Water Quality in Northeast Oklahoma










 


There are many reasons why a person might be interested in water quality: fishing, swimming, boating, wading, kayaking, canoeing, water skiing, drinking water, and just enjoying a pleasant view. We Oklahomans treasure our aquatic natural resources. EPA and Oklahoma use categories in the state’s water quality standards to protect these types of uses. Each of the “Beneficial Use” categories has its own standards of protection. For example, for fisheries protection (called the Fish and Wildlife Propagation beneficial use) there are certain numerical criteria (water quality standards) that must be maintained. There are also narrative criteria that set a general standard of protection goal.

There are also "high quality" waters in Northeast Oklahoma that deserve a higher level of protection. For a more thorough discussion of the state’s water quality standards, visit the Oklahoma Water Resources Board (OWRB) website.

There are many Oklahoma streams and lakes that have been designated as impaired (that is, not meeting one or more of their beneficial uses). The designation is done according to a specific type of study using data of high quality. The Oklahoma Department of Environmental Quality (ODEQ) must report updates of the impairment list biennially to EPA. This list is often referred to as the 303(d) List of impaired waterbodies.  Impaired waterbodies are designated as Category 5 in ODEQ’s integrated water quality assessment report. Visit the ODEQ integrated report website to obtain information about the latest EPA approved 303(d) list.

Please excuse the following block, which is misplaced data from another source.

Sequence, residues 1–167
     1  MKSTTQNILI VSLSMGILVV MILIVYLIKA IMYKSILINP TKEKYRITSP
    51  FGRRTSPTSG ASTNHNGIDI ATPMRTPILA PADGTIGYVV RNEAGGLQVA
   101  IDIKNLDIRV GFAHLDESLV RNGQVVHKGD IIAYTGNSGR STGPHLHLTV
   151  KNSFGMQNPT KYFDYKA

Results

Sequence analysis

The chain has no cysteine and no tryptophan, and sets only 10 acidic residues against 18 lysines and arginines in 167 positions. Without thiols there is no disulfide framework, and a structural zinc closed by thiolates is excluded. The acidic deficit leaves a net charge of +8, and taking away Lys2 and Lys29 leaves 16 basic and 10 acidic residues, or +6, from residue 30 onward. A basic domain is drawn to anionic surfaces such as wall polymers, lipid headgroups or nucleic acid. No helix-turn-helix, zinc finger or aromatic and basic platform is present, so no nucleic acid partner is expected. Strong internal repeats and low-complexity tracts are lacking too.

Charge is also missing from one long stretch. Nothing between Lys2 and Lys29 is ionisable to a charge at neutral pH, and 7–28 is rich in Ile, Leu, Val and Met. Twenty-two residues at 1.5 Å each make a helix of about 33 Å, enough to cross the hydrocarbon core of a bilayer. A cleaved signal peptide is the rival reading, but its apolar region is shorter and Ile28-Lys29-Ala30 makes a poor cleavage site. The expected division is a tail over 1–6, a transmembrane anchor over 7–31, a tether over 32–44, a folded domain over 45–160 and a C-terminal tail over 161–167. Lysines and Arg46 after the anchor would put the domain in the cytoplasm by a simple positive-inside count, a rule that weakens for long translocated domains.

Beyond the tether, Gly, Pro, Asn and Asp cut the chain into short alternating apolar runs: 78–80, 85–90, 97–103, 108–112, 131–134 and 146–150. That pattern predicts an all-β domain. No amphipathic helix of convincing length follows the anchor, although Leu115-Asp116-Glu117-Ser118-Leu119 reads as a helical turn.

Any waterbody remaining on the Category 5 list will eventually have a special type of pollutant load study called a Total Maximum Daily Load (TMDL). The TMDL defines all point source loads (such as wastewater treatment plants) and all non-point source loads (such as agricultural activities) to determine the maximum amount of pollutant loads that can be added from all sources yet will still maintain water quality.  Municipal stormwater permittees are considered point sources in a TMDL and are included in the overall pollutant load calculations.

In years past, most load studies focused on point sources, and most of these dealt with oxygen-demanding substances. However, within the past few years the emphasis has shifted to pollutants associated with non-point sources, such as turbidity, dissolved solids, nutrients and bacteria. The ODEQ water quality website provides a great deal of information about the state’s water quality and regulatory program to assess and improve our natural resources.

Federal and State environmental agencies, along with regional and local entities, can help you locate water quality information for your stream or lake. Contact INCOG at 918.584.7526 if you need assistance with your search.  The GCSA web page on Internet Resources also has numerous important links to data and information.